In 1964, Hayward left New York for Dallas, Texas, where he became Artist-in-Residence and Chairman of the Voice and Opera Depertments of the Meadows School of the Arts at Southern Methodist University. He was further honored by being named the Meadows Distinguished Professor of Voice in 1990, and soon after his death in 1995 the establishment of the Thomas Hayward Memorial Award.[14]

Notable protégés[edit]

Death[edit]

Hayward continued teaching in Dallas until 1994. He died on February 2, 1995 from kidney and heart failure,[17] when he and his wife moved to Nevada.

References[edit]

  1. ^ "Thomas Hayward, Leading Met Tenor In 40's, Dies at 77". Nytimes.com. February 6, 1995. Retrieved March 23, 2016. 
  2. ^ "Manon Lescaut on Broadway - Information, Cast, Crew, Synopsis and Photos". Playbill Vault. Retrieved March 23, 2016. 
  3. ^ 1949 recording
    Giuseppe Antonicelli; Chor & Orchester der Metropolitan Opera
    Commandante: Osie Hawkins
    Des Grieux: Jussi Björling
    Edmondo: Thomas Hayward
    Geronte: Salvatore Baccaloni
    Lampionario: Paul Franke
    Lescaut: Giuseppe Valdengo
    Maestro del ballo: Alessio de Paolis
    Manon Lescaut: Dorothy Kirsten
    Musico: Jean Madeira
    Oste: George Cehanovsky
    Sergente: Clifford Harvout
    Myto 931.73 (2 CD); Naxos historical 8.1110123-24 (2 CD); Cantus Classics 500320 (2 CD) live 103'38
  4. ^ "Thomas Hayward - Broadway Theatre Credits, Photos, Who's Who". PlaybillVault.com. Retrieved March 23, 2016. 
  5. ^ critical review in The New York Times:[when?] "the part of Tybalt was so well sung and acted by Mr. Hayward that it assumed the stature of the leading role.
  6. ^ Virgil Thomson of the New York Herald Tribune described his singing as "exquisite".[when?]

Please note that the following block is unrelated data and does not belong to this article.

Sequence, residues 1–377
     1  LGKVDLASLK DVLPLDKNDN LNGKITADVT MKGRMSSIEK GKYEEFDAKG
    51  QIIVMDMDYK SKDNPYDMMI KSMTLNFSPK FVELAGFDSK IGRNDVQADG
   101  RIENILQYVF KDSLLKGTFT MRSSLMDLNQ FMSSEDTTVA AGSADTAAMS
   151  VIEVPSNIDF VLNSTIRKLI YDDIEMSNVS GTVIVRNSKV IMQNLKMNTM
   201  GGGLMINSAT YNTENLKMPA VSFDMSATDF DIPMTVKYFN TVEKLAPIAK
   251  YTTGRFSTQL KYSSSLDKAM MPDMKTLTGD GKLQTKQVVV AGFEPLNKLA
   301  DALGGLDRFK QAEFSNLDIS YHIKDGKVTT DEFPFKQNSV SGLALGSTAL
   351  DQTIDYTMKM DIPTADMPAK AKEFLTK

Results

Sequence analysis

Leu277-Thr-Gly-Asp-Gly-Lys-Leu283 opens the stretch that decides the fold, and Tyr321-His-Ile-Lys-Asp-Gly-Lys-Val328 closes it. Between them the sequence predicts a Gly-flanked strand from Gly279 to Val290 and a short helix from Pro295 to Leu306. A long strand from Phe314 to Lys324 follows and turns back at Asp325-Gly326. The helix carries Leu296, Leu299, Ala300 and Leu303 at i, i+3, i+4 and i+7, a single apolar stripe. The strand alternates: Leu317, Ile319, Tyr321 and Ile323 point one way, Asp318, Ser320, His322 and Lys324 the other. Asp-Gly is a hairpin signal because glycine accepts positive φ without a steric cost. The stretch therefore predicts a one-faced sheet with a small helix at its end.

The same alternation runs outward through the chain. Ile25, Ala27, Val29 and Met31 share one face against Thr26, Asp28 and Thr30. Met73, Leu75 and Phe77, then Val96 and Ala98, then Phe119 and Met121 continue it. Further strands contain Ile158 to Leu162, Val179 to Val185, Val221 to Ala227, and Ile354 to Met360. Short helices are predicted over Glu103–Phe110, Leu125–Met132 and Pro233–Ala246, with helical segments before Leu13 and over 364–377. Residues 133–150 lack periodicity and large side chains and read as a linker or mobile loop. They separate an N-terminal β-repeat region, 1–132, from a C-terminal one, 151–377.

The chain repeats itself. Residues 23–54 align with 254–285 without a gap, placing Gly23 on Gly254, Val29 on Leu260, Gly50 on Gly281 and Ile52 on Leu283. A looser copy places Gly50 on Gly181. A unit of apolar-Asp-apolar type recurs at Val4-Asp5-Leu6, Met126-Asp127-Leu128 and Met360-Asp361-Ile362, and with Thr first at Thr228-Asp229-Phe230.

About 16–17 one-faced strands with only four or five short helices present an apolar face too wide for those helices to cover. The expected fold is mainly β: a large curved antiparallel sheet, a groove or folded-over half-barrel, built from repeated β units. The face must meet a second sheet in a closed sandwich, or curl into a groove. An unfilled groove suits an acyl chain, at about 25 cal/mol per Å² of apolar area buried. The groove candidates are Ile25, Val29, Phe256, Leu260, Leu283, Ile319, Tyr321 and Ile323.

7. ^ "Opera annals Homepage". Operaannals.blogspot.de. Retrieved 2016-10-30. 
  8. ^ "Beverly Sills - Performance Annals Database". Beverlysillsonline.com. Retrieved 2016-10-30. 
  9. ^ "A Night in Venice: An Original Cast Recording: Music". Amazon.com. February 17, 1998. Retrieved March 23, 2016. 
  10. ^ The Rouban Mamouian Collection, Rare Book and Special Collections Division, Library of Congress Washington, D.C. 2010 Contact information: https://www.loc.gov/rr/rarebook/contact.html Catalog Record: http://lccn.loc.gov/2010515535
  11. ^ [1][dead link]
  12. ^ CTVA UK 4.13 [--] Val Parnell's Sunday Night at the London Palladium (missing) 07-Dec-1958 ATV ITV Sun 8:00-9:00pm presenter: Bruce Forsyth starring (all-American guest line-up): Sallie Blair (vocalist) Harrison and Fisher (comic ballroom dancers) Thomas Hayward (tenor) Georgie Kaye Ann Marston (champion archer) Highlights: Sallie Blair sings "Ev'rything I Have Is Yours," "How Long Has This Been Going On?" and "Witchcraft." Thomas Hayward sings "Your Tiny Hand Is Frozen" ("Che Gelida Manina") and "If I Loved You."
  13. ^ Dorothy Kirsten in New Orleans VAI Audio, 1 CD: cat# 1154, $16.99 Dorothy Kirsten stars in extended scenes from La Traviata and Louise. Traviata also features Cornell MacNiel and Thomas Hayward; Renato Celini, conductor (1958). Louise excerpts also feature Norman Treigle; Franco Patane, conductor (1965). Both with the New Orleans Opera Orchestra and Chorus. Never before available! La Traviata (Verdi) (1) - (8) Act II, Scene I Madamigella Valery through Amami, Alfredo (21:48) (9) - (12) Act III, Scene II Invitato a qui seguirmi through end of act (9:38) (13) - (20) Act III Teneste la promessa through end of act (19:56) with Thomas Hayward and Cornell Macneil New Orleans Opera Orchestra and Chorus Renato Cellini, conductor Live performance, November 15, 1958
  14. ^ "Contact SMU". Smu.edu. Retrieved March 23, 2016. 
  15. ^ Orpheus Oper International, Rittersstrasse 11, D-10969 Berlin, Heft 5, Juni 2001: Thema: "Tenoere!" A 4848 E
  16. ^ "Biography". Donnierayalbert.com. Retrieved March 23, 2016. 
  17. ^ "Thomas Hayward, 77, a leading tenor at the Metropolitan..." Articles.baltimoresun.com. February 6, 1995. Retrieved March 23, 2016. 

External links[edit]